If you include foxweb.dll in the URL, then everything after it is simply passed to FoxWeb, which simply ignores the extension. You can use .prg, .bak, .xxx, or .whatever. It really doesn't matter and it's certainly not a security risk.
My recommendation is to use script-mapped URLs, such as http://MyServer/WebAppName/FoxWebPrg.fwx
. The reason that this works (even if you are not using .fwx files) is that IIS is configured to call foxweb.dll whenever it sees the .fwx extension. Alternatively, you can refer to foxweb.dll, but don't use an extension at all (or if you do, it will simply be ignored). You should never use an extension other than .fwx, because this may confuse FoxWeb.
Both URL forms will instruct FoxWeb to look for a files named FoxWebPrg.fwx, FoxWebPrg.prg and FoxWebPrg.fxp. Depending on the existence and modification date of the above files, FoxWeb may re-compile the source code and eventually execute the .fxp file. For details on this process, you may refer to http://www.foxweb.com/document/ScriptFileProcessing.htm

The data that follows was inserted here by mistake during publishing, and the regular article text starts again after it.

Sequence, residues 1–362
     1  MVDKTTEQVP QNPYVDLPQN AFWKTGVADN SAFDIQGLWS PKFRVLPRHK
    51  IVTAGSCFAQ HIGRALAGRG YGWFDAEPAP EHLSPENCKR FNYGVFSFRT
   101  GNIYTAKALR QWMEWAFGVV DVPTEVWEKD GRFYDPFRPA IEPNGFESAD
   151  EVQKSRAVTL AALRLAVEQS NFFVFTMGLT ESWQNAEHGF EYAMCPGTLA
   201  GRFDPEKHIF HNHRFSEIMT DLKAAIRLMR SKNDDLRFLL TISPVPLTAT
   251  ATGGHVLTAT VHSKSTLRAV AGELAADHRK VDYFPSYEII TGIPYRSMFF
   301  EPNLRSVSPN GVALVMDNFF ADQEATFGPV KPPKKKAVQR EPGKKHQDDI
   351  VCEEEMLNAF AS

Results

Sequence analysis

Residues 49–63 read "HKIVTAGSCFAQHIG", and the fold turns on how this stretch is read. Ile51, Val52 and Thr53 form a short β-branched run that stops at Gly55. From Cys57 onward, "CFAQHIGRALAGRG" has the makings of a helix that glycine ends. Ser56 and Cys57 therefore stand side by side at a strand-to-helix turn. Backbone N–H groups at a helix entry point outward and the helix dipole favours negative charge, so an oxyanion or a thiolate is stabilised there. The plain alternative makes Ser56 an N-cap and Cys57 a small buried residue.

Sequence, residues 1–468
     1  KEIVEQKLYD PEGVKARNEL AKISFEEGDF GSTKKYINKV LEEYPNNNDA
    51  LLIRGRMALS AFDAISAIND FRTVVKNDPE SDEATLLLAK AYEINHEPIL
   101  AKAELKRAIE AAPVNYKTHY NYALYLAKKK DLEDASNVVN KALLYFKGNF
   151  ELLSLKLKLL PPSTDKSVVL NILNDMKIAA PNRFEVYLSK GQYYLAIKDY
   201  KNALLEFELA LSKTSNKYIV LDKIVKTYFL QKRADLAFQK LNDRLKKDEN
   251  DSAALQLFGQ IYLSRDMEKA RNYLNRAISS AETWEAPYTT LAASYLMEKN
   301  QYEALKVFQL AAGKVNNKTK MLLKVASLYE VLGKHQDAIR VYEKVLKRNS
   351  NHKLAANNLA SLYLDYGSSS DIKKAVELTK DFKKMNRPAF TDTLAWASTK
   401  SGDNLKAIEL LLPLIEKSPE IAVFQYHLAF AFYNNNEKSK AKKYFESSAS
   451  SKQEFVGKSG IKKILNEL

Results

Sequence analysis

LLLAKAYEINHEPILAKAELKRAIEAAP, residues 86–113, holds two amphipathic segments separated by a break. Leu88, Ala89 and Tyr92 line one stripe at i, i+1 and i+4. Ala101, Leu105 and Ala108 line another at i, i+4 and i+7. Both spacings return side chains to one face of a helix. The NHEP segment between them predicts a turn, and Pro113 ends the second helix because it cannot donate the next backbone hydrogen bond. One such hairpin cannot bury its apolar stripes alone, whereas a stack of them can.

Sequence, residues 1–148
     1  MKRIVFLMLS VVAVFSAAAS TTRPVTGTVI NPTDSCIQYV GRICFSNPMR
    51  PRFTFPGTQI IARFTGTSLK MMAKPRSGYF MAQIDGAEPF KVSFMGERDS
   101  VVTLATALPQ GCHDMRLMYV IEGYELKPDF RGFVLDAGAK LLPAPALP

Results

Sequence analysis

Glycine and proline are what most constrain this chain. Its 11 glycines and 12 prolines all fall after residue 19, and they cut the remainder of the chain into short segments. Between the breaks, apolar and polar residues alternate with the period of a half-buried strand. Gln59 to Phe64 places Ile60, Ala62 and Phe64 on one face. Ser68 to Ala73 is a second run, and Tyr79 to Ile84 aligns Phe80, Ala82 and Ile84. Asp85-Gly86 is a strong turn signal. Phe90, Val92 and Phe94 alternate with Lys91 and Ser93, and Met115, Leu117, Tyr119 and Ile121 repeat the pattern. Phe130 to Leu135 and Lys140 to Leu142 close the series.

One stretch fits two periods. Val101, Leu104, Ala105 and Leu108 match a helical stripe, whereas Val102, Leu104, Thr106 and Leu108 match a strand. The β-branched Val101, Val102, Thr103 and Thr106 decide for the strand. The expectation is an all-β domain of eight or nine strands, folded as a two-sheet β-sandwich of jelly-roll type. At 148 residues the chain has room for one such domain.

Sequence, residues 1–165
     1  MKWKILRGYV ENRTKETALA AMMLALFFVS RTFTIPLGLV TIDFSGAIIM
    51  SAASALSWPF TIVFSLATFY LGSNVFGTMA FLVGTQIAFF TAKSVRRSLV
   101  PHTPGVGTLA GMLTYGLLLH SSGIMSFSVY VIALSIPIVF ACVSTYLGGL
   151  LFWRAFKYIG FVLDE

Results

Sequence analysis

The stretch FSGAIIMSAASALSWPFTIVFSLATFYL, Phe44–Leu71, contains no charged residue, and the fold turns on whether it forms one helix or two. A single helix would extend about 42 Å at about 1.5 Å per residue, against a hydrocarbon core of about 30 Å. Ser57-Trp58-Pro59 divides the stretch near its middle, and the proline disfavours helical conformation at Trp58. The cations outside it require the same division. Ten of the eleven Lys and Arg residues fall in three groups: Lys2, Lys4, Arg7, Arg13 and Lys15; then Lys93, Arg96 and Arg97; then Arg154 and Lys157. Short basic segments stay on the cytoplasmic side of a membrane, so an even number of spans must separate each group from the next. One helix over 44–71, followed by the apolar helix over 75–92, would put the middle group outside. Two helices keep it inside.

|FoxWeb Support Team
Sent by Valter herman on 02/21/2008 06:38:08 AM:
I'm using Foxweb 3.3 on a Windows 2003 Server (IIS 6.0). Currently, if you specify a URL to a valid prg in the Foxweb directory like so:
It works just fine. However, if you specify the same path but with a .bak ending like so:
you get the same results even though no such .bak file exists anywhere on that machine.
As a matter of fact, you can do navigate here:
And you still get results. How can we prohibit this type of behavior? .bak files show up as vulnerabilities in Security Scans on web applications and its preventing a successful test run .